Nationwide Response Issues After an Improvised Nuclear Device Attack: Medical and Public Health Considerations for Neighboring Jurisdictions - Workshop Summary
Report at a Glance
- IND Response Infographic
Note: Proceedings contain the opinion of the presenters, but do NOT reflect the conclusions of the Health and Medicine Division or the National Academies. Learn more about the differences between Reports and Proceedings.
Detonation of an improvised nuclear device (IND) in a major U.S. city would result in tens of thousands to hundreds of thousands of victims, overwhelming public health, emergency response, and health care systems in surrounding regions and impacting cities nationwide. While preparing for an IND may seem futile at first glance, thousands of lives can be saved by informed planning and decision making prior to and following an attack. Despite many publications at the federal level outlining a framework for health and medical preparedness for responding to an IND detonation, there has been only limited planning at the local level.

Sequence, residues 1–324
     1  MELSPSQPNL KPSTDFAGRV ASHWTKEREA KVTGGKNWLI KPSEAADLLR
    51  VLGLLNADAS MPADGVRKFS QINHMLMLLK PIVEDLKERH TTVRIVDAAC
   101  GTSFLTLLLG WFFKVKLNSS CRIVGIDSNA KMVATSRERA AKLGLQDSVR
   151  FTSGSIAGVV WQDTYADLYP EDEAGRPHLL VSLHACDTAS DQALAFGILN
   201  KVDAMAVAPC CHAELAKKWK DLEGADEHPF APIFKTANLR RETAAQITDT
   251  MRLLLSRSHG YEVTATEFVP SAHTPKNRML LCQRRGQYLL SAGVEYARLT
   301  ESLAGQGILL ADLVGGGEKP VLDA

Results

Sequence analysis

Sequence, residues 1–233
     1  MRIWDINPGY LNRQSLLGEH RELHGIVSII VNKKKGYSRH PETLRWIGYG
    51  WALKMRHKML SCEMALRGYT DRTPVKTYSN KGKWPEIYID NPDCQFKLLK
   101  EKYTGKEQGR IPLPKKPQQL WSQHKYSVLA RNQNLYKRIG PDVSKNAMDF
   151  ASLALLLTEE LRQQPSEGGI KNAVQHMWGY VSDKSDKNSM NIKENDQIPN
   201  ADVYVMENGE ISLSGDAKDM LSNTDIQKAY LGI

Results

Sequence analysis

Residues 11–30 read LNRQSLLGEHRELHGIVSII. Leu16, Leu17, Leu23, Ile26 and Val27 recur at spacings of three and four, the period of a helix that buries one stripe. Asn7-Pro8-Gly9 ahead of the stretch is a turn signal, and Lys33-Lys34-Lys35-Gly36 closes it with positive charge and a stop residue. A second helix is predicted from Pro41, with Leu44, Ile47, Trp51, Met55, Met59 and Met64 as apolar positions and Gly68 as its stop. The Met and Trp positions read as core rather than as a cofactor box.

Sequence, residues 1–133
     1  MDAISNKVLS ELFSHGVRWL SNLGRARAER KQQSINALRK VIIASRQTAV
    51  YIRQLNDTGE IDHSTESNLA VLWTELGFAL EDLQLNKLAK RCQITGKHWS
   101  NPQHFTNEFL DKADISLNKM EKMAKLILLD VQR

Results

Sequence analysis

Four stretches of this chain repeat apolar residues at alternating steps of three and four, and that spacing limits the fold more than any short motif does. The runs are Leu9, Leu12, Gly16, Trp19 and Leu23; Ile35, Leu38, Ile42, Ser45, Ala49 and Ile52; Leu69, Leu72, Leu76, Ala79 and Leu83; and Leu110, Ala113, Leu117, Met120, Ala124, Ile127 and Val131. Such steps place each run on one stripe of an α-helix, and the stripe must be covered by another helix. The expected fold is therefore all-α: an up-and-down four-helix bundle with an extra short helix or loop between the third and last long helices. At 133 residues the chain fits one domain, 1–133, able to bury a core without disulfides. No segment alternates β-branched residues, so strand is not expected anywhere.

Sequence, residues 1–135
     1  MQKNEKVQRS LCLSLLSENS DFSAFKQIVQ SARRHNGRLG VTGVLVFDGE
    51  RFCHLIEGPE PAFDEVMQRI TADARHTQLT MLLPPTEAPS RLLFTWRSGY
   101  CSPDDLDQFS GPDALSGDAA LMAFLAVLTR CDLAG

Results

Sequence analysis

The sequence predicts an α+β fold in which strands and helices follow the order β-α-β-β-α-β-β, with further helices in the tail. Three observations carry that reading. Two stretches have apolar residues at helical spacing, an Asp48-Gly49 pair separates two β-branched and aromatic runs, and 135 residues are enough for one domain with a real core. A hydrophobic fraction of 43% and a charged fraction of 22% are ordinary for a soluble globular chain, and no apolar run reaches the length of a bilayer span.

On January 23-24, 2013, in partnership with the National Association of County and City Health Officials (NACCHO), the IOM Forum on Medical and Public Health Preparedness for Catastrophic Events hosted a workshop that focused on key response requirements faced by local and regional public health and health care systems in response to an IND detonation. Topics discussed at the workshop included understanding the differences between types of radiation incidents and the implications of an IND attack on outlying communities as well as the roles of regional health care coalitions in coordination of health care response. This document summarizes the workshop.